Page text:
Day Two: On should, need to, ought to, guilt and language

Being Day Two of the Festival of Miss Dilettante Posting Things About Her Happiness Project That She Didn’t Post Last Month or Indeed Last Year, which really is a fairly awful name for a festival and may need to be revised.

In the process of looking at language, communication and mental health, I’ve also come across some of my other ways of speaking (both internal and external) that haven’t been particularly healthy.

By far, the most pervasive of these has been ‘should’ (and other ways of saying should – need to, ought to, and so forth). For a born perfectionist and procrastinator, these phrases are the devil. For me they carry loads of guilt, obligation, resentment, self-blame, pressure and expectation. I’m learning to say ‘I will do x’, ‘I’ve chosen not to do x’ and ‘I would like to do x, but don’t have the capacity right now, so I’m putting it on my ‘maybe-someday’ list’. Do or not do, there is no should!

Is this anything more than semantics? Perhaps not, for some. But for me, the improvement in my quality of life is dramatic when I’m not playing ‘should’ and spending every second moment cringing in indecisive guilt.

Part of this, I think, is to do with the sheer weight of indecision, and part to do with the paralysis of perfectionism, but there’s another part too. It comes from the knowledge that committing is to take a side, to make a decision, and to accept that not everyone will agree with my choices.  It’s about not camping on the fence, and not spending my life chasing an unattainable goal of juggling the happiness of others.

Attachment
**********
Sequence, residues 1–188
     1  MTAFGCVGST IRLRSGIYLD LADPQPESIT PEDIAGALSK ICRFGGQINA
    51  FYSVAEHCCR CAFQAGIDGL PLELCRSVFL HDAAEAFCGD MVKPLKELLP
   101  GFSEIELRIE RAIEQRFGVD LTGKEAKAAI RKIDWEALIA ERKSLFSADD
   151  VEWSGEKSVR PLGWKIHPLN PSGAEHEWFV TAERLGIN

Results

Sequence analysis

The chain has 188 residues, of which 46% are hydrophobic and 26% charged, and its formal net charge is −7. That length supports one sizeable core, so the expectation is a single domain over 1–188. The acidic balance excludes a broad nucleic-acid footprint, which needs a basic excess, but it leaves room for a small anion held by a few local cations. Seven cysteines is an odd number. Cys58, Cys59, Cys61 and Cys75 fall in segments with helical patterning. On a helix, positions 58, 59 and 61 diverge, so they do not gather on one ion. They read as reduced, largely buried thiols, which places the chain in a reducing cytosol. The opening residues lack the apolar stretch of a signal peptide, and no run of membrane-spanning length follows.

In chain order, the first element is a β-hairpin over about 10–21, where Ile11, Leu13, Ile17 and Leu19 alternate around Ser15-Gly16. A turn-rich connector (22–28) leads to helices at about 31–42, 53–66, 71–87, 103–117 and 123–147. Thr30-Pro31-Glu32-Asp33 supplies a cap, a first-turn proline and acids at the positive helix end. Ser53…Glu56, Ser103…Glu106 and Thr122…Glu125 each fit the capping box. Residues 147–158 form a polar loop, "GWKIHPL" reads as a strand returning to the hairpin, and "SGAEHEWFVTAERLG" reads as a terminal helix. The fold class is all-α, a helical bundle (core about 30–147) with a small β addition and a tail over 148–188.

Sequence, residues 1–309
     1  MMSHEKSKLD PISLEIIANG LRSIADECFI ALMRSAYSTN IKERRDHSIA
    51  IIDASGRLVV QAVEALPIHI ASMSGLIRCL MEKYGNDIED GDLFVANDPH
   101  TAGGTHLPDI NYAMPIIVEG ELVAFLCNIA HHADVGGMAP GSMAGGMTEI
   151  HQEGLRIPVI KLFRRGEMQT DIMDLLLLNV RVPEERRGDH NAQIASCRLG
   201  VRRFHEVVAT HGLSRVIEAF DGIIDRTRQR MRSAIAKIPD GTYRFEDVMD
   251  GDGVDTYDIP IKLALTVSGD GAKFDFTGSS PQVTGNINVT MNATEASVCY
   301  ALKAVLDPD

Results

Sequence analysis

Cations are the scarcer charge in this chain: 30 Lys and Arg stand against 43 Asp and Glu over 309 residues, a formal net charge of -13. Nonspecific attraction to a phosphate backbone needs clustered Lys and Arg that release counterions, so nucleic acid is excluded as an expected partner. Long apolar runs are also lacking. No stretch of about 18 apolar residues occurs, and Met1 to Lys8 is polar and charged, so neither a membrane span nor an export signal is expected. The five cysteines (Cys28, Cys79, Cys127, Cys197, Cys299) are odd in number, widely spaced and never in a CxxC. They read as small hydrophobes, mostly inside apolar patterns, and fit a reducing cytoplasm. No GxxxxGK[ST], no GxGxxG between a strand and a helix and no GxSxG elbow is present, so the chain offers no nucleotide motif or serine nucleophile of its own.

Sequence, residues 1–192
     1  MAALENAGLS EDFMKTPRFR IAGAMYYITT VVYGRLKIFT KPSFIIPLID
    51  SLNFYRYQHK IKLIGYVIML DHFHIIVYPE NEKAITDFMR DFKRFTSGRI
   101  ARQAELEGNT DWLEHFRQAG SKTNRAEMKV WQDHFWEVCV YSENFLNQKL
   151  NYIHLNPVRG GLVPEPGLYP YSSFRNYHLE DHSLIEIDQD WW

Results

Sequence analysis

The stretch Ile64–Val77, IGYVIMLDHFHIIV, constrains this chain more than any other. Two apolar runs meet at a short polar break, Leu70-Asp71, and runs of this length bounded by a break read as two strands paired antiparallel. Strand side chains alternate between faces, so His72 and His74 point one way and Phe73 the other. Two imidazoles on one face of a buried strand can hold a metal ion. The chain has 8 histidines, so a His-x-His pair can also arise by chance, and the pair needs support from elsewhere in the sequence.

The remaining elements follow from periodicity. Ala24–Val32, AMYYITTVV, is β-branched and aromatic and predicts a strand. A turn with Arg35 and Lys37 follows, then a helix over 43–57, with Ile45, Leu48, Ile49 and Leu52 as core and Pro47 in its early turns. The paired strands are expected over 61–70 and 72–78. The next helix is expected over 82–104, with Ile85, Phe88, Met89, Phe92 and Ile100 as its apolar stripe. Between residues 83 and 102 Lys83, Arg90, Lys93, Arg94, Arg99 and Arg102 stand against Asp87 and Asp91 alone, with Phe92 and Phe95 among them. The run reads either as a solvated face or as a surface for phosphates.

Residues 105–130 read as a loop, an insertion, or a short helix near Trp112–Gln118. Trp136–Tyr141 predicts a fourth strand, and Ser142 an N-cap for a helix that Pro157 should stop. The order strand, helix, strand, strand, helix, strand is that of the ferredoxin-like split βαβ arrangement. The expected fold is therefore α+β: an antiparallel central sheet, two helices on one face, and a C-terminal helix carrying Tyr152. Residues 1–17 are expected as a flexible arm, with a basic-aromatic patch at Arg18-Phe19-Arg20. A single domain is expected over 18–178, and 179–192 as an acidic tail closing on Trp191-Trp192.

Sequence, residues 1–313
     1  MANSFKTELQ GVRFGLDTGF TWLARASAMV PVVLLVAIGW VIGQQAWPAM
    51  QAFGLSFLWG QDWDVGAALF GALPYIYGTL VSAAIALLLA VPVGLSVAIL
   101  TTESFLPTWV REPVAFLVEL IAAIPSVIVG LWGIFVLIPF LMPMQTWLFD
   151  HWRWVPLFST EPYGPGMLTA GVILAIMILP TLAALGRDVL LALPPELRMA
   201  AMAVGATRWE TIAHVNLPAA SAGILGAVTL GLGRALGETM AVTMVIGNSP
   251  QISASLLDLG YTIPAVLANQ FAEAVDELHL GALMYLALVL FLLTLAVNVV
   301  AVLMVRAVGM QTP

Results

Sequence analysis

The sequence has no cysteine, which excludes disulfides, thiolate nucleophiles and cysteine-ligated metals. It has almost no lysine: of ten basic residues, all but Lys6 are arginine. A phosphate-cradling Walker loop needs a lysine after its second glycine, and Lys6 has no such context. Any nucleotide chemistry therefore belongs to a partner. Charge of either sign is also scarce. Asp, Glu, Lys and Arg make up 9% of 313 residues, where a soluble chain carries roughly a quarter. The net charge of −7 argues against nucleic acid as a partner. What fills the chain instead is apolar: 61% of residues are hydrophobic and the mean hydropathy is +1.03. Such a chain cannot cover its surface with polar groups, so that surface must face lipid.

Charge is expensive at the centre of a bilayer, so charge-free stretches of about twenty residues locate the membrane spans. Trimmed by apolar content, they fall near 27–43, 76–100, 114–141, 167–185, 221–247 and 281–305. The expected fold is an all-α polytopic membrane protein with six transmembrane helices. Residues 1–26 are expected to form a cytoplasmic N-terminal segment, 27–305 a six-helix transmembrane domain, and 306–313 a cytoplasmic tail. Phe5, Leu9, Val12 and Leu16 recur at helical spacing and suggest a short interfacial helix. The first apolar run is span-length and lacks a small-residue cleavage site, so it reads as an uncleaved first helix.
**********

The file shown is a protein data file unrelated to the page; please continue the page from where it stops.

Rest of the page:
Day One: On better ways of talking

Being Day One of the Festival of Miss Dilettante Posting Things About Her Happiness Project That She Didn’t Post Last Month or Indeed Last Year, which really is a fairly awful name for a festival and may need to be revised.

One of the most useful books I read last year was Nonviolent Communication. It’s most likely to be found on the self-help shelves, and you know how I feel about the self-help shelves. Nevertheless, I stumbled across a reference to it on the internet it when I was stuck and full of anger and pain, and was searching for a way to talk without lashing out at others. Indeed I think I only noticed it because I’d heard kvratties mention the name in passing. (And indeed I’m still feeling a little shy writing about it here, as I have a quiet horror of becoming Tim Robbins’ character from High Fidelity. ‘Conflict resolution is my job, Laura.’ Oh dear.)

Sidetracking in the direction of John Cusack-alicious films notwithstanding,  the implicit premise of the book is that, for many of us, common use of language and ways of speaking tend to escalate conflict. Assignment of blame, failing to communicate our needs and making demands of others are habitually embedded in the way we speak to one another. Rosenberg proposes a very simple – almost awkwardly so, on first read – practical methodology to deconstruct our ways of speaking to one another and replace them with more functional language.